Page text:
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Historically Speaking

Historically Speaking: The “Little Flower” of ‘The Big Apple’

By Tom Morrow

Fiorello Henry La Guardia, born Dec. 11, 1882, was an American politician who was a New York Republican Congressman, but was best known as the mayor who cleaned up New York City’s graft and corruption during the height of the Great Depression of the 1930s

He was the 99th Mayor of New York City serving three terms from 1934 to 1945. Previously, he had been elected to Congress in 1916 and 1918, and again from 1922 through 1930. Irascible, energetic, and charismatic, he craved publicity and is acclaimed as one of the greatest mayors in American history. Only five feet, two inches tall, he was called “the Little Flower.

La Guardia, a Republican, who appealed across party lines, went across party lines, worked with Democrat President Franklin D. Roosevelt and his “New Deal.” In turn, FDR heavily funded the city and cut off the city’s Democrat-controlled Tammany Hall headquarters.

La Guardia revitalized New York City and restored public faith in City Hall. He unified the transit system, directed the building of low-cost public housing, public playgrounds, and parks, constructed airports, reorganized the police force, defeated the powerful Tammany Hall political machine, and reestablished employment on merit in place of patronage jobs. La Guardia also is remembered for his WNYC radio program “Talk to the People,” which aired from December 1941 till December 1945.

La Guardia was seen as a domineering leader, who verged on authoritarian but whose reform politics were carefully tailored to address the sentiments of his diverse constituency. He won elections against the historically corrupt Tammany Hall political system, presided during the Great Depression and World War II, implemented New Deal welfare and public works programs in the city, and gave political support to immigrants and ethnic minorities.

La Guardia was known as a reform mayor who helped clean out corruption, brought in experts, and made the city responsible for its own citizens. His administration engaged new groups that had been kept out of the political system, gave New York its modern infrastructure, and raised expectations of new levels of urban possibility.

La Guardia’s predecessor, “Gentleman” Jimmy Walker and his Irish-run Tammany Hall were forced out of office by scandal and corruption. As one city official described Walker: “Jimmy could get more things done in five minutes than it would take the average politician five months to accomplish – all the same, he was a crook.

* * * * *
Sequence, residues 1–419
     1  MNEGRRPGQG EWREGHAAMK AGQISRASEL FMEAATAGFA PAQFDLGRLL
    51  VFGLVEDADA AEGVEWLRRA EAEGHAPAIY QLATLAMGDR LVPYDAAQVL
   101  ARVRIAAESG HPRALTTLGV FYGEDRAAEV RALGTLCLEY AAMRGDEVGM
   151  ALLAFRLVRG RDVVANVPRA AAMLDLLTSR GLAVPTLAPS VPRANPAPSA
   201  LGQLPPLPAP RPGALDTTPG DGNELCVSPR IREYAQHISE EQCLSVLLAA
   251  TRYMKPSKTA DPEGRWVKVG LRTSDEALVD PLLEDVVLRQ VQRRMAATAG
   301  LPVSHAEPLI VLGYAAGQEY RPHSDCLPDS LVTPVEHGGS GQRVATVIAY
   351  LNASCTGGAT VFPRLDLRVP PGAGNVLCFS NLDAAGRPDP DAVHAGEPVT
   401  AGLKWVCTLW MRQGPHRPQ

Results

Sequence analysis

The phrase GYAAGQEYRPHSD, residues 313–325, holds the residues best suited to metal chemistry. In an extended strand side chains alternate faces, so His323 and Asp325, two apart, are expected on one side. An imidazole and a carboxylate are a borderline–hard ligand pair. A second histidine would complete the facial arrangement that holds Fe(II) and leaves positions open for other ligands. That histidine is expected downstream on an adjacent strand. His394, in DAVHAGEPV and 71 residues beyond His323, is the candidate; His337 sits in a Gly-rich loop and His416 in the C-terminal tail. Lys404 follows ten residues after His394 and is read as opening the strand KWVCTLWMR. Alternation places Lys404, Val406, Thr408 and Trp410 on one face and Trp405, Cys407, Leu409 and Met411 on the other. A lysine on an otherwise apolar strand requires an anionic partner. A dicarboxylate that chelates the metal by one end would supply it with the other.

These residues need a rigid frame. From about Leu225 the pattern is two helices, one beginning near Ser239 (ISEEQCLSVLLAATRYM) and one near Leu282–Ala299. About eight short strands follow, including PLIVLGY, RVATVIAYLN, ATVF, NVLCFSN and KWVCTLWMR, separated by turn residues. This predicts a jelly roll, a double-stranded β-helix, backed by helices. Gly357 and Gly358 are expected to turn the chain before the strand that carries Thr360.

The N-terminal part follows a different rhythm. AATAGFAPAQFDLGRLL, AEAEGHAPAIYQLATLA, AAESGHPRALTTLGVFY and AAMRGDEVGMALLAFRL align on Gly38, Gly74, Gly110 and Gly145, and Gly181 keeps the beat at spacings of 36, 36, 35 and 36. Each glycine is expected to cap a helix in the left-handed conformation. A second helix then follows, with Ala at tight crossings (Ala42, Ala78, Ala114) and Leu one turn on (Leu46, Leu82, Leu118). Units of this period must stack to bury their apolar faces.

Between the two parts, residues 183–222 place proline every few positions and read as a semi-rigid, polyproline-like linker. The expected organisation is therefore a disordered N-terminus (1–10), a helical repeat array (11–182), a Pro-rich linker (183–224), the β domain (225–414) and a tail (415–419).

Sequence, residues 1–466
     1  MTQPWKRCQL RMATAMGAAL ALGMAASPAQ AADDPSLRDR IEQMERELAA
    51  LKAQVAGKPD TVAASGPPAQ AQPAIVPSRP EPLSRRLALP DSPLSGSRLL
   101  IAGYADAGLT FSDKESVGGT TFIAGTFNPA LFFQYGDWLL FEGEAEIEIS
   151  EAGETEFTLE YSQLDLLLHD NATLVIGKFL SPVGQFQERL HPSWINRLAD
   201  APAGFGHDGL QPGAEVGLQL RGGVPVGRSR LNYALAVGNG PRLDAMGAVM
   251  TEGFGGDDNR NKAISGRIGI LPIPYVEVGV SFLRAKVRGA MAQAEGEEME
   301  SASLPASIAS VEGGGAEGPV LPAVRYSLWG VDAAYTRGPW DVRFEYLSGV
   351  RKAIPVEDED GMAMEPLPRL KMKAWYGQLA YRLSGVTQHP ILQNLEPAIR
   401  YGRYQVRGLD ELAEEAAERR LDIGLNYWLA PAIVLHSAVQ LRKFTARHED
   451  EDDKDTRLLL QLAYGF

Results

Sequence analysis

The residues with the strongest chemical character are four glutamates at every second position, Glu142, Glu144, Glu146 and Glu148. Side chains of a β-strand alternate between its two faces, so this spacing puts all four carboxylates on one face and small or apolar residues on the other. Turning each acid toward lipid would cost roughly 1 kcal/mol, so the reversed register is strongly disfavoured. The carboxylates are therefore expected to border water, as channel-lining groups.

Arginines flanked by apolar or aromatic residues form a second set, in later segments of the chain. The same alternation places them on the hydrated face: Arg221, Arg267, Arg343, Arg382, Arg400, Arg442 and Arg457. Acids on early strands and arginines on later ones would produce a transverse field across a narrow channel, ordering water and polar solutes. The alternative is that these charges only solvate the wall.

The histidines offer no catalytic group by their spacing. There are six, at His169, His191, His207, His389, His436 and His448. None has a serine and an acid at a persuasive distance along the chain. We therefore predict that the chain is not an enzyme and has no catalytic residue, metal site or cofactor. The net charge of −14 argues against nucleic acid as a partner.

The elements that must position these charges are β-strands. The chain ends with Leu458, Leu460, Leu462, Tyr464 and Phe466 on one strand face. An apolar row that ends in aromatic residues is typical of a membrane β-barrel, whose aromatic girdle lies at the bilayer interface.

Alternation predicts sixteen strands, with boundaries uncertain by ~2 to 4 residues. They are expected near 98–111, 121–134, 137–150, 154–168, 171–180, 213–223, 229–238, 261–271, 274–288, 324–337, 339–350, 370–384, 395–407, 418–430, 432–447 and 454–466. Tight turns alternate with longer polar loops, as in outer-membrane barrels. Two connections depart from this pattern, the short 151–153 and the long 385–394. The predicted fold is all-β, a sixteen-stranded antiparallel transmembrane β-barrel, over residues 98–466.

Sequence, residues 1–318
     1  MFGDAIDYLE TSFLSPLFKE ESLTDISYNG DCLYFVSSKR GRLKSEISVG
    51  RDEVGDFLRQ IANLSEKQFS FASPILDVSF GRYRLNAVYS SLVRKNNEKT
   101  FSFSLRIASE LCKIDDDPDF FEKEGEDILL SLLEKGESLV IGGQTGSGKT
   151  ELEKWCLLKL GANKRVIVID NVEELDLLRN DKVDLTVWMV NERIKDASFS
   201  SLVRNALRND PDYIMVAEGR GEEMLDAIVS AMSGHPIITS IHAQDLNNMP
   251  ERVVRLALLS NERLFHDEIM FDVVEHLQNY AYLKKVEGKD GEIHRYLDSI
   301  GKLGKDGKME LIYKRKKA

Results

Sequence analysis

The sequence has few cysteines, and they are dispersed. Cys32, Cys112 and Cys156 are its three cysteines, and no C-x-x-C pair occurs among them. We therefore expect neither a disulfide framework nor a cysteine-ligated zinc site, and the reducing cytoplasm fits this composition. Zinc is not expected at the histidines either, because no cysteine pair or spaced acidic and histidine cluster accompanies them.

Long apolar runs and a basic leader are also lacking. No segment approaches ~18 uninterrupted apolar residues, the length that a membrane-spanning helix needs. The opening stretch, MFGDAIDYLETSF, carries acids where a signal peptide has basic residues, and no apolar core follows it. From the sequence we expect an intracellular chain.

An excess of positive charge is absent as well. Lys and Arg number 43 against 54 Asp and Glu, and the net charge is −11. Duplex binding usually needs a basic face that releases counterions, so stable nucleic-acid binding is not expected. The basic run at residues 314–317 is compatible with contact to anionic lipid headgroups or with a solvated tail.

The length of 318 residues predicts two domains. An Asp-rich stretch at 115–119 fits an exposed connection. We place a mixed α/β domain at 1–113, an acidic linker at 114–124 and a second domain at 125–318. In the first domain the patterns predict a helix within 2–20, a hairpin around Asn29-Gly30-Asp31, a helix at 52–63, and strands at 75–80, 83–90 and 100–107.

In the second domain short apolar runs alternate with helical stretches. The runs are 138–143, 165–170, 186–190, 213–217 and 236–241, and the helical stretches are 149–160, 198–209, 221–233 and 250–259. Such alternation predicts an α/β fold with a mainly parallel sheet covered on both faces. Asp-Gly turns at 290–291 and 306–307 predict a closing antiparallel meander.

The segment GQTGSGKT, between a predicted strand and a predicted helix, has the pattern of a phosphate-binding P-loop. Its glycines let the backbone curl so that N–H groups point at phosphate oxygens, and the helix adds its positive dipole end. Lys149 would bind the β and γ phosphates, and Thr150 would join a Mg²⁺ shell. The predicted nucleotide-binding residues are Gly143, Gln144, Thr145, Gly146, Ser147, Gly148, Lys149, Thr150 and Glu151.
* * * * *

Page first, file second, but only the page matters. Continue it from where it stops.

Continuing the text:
In the 1933 election, La Guardia was determined to replace Walker. First, he had to win the nomination of both the Republican party and also the “Fusion” group of independents. He was not the first choice of either, for they distrusted Italians. On the other hand, La Guardia had enormous determination, high visibility, the support of reformer Samuel Seabury and the ability to ruin the prospects of any rival by a divisive primary contest.

La Guardia made corruption his main issue. The campaign saw mud thrown all ways. Guardia’s win was based on a complex coalition of regular Republicans (mostly middle class German-Americans in the boroughs outside Manhattan), a minority of reform-minded Democrats, some Socialists, a large proportion of middle-class Jews, and the great majority of Italians. The Italians had been loyal to Tammany; but their switch proved decisive.

When La Guardia addressed the various ethnic neighborhoods where he spoke the predominant language. He was fluent or close enough to rally residents speaking in Italian, German, Yiddish, and Hungarian neighborhoods. La Guardia was a Freemason and a member of Garibaldi Lodge #542, in New York City.

La Guardia died at the age of 64, of pancreatic cancer Sept. 20, 1947, in the The Bronx. He was ranked first among the nation’s mayors in a 1993 poll of historians and social scientists. His close collaboration with Roosevelt’s New Deal proved a striking success in linking national money and local needs. La Guardia enabled the political recognition of new groups that had been largely excluded from the political system, such as Jews and Italians. His administration gave New York its modern infrastructure.] His far-sighted goals raised ambitions for new levels of urban possibility.


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